Peru is a wonderful country. Anyone from an archaeologist to a zoologist will be fascinated by Perù and the discerning traveller cannot fail to be impressed by its cultural and geographical variety and the exciting travel possibilities this country has to offer.
Peru is frequently referred to as the “land of the Incas”, yet or could equally be called the “land of the Moches” (or the Chavin or the Wari). It is true that the Incas formed the mysterious cities such as Machu Picchu, the magnificent ruins of which can be visited today. Less well Known, but equally true, is that the Incas were the last in a long series of Peruvians civilizations spanning several thousand years and that the ruins of many of these earlier civilizations can also be visited.
The Peruvian Andean mountains are arguably the most beautiful and accessible on the continent and the Cordillera Blanca has become world famous among trekkers, hikers and mountaineers. There are several other ranges in Peru which are less visited but no less magnificent. Many of the precipitous glacier-clad mountains have peaks of more than 6,000 metres and the high valleys between are the haunts of a host of rarely seen animals.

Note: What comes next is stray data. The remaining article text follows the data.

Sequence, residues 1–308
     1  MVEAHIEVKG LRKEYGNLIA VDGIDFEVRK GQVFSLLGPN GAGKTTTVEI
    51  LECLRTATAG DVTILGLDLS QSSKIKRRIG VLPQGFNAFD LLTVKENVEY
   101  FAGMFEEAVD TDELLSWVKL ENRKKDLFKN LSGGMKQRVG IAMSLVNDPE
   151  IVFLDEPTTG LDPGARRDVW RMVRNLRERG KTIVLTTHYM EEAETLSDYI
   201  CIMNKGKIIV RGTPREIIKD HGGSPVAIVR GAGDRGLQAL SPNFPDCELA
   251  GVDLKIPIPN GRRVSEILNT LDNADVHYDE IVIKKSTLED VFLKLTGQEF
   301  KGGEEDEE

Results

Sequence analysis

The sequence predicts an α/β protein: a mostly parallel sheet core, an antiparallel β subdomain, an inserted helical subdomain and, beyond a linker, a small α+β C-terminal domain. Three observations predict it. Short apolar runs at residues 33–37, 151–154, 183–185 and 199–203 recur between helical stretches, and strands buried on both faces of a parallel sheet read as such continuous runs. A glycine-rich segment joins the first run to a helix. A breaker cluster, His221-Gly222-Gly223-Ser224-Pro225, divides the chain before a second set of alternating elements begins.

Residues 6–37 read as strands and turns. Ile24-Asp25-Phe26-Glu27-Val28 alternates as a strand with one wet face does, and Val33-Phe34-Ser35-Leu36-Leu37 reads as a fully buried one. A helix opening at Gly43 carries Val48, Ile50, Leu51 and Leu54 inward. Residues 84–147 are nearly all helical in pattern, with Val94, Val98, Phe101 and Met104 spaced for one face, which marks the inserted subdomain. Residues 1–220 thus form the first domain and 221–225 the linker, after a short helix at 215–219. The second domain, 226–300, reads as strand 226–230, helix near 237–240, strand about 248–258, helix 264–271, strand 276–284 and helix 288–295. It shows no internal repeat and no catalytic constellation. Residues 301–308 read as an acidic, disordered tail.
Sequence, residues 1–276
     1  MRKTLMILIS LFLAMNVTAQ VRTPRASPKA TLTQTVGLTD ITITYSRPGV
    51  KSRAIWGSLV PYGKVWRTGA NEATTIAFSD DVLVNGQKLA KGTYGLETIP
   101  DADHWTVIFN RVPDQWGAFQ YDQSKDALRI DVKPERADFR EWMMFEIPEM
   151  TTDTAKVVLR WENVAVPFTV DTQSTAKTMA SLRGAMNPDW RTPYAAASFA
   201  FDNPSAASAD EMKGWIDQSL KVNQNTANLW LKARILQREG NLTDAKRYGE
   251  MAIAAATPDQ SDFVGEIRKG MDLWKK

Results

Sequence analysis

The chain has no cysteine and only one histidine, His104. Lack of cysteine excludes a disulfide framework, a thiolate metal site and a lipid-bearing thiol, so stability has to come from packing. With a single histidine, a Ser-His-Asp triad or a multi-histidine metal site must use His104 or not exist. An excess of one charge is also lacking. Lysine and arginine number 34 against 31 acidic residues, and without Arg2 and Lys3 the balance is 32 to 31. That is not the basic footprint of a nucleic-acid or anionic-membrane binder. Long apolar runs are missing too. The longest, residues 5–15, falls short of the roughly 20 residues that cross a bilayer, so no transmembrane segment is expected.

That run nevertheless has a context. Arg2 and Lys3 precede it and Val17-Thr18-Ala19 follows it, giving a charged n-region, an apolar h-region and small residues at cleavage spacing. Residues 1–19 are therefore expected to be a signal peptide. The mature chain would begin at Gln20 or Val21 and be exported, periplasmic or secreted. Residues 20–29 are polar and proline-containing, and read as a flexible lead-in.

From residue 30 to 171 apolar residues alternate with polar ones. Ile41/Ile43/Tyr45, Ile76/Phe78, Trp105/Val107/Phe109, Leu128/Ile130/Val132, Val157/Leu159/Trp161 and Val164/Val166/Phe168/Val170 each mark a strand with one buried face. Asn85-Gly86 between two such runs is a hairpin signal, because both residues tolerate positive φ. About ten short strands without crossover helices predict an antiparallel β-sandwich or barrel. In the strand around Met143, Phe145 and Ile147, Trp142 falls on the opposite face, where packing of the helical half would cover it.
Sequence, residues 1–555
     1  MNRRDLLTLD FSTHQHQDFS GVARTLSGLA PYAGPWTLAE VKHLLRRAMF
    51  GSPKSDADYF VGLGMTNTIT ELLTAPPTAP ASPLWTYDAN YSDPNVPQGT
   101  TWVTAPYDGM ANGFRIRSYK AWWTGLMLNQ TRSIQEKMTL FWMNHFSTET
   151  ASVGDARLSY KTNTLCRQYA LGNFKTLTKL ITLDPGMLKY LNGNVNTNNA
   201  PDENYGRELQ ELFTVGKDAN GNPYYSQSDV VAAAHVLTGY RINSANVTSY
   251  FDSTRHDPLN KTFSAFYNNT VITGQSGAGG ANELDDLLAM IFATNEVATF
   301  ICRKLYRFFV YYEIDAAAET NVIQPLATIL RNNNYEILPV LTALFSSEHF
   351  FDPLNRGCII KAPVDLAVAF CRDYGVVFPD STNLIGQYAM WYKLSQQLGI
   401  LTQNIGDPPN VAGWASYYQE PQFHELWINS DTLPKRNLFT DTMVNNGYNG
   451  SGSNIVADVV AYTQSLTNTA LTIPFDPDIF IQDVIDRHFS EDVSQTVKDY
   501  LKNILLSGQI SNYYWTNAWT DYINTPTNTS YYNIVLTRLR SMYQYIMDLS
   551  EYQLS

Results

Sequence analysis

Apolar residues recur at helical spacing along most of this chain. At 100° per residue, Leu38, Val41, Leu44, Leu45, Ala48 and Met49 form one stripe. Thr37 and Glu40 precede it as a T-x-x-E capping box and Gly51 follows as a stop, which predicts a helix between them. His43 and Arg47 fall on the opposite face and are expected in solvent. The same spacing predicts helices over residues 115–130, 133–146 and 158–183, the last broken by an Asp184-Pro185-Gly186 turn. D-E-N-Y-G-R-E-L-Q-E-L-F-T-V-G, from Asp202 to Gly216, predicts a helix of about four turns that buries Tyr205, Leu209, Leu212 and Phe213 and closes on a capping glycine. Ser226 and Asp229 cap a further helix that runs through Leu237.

But the Peruvian Andes is not just the scene of remote wilderness. It is also home to millions of highland Indians who still speak their ancient tongue of Quechua (or Aymara) and preserve much of their traditional way of life. Town and village markets are thronged with hers of produce-laden llamas lead by Indians wearing the typical ponchos which provide effective protections against the climatic extremes of this environment. The larger cities also preserve the legacy of the Spanish conquistadors, and colonial churches and mansions covered with dazzling ornamentation can also be seen
Visitors may glimpse mammals such as the inquisitive viscacha or the graceful vicuña, and birds ranging from the Andean Condor to the Andean hummingbird, soaring effortlessly in a wings spread that can exceed 3 metres and with a weight of more than 1’ kg. The Condor is the largest flying bird in the world.
The traveller could easily spend weeks or months among the Peruvian highlands and yet would only be visiting a small portion of the country. More than half of the Perú’s area lies in the verdant Amazon Basin where air or river is often the only means of transportation. Exotic plants and animals amaze and intrigue the observant visitor. The dense tropical rainforest on the eastern edges of the Andes houses the greatest variety of birds on earth. Peru although less than twice the size of Texas, is home to more than twice the number of bird species that are in the entire North American continent. It is a naturalist paradise, and because it has been so little studied, a giant natural laboratory as well.